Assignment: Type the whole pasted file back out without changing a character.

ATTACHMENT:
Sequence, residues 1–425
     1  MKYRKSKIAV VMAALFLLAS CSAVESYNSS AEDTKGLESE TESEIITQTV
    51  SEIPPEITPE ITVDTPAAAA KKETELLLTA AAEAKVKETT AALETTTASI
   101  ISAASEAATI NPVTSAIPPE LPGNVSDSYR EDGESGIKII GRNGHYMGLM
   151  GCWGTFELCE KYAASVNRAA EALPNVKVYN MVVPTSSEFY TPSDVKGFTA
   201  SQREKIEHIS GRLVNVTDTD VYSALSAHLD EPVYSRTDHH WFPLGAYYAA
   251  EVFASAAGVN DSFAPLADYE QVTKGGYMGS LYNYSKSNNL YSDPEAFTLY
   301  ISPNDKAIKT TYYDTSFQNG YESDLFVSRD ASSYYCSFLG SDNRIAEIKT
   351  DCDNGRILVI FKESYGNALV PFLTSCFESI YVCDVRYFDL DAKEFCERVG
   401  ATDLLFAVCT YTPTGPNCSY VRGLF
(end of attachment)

Sequence, residues 1–425
     1  MKYRKSKIAV VMAALFLLAS CSAVESYNSS AEDTKGLESE TESEIITQTV
    51  SEIPPEITPE ITVDTPAAAA KKETELLLTA AAEAKVKETT AALETTTASI
   101  ISAASEAATI NPVTSAIPPE LPGNVSDSYR EDGESGIKII GRNGHYMGLM
   151  GCWGTFELCE KYAASVNRAA EALPNVKVYN MVVPTSSEFY TPSDVKGFTA
   201  SQREKIEHIS GRLVNVTDTD VYSALSAHLD EPVYSRTDHH WFPLGAYYAA
   251  EVFASAAGVN DSFAPLADYE QVTKGGYMGS LYNYSKSNNL YSDPEAFTLY
   301  ISPNDKAIKT TYYDTSFQNG YESDLFVSRD ASSYYCSFLG SDNRIAEIKT
   351  DCDNGRILVI FKESYGNALV PFLTSCFESI YVCDVRYFDL DAKEFCERVG
   401  ATDLLFAVCT YTPTGPNCSY VRGLF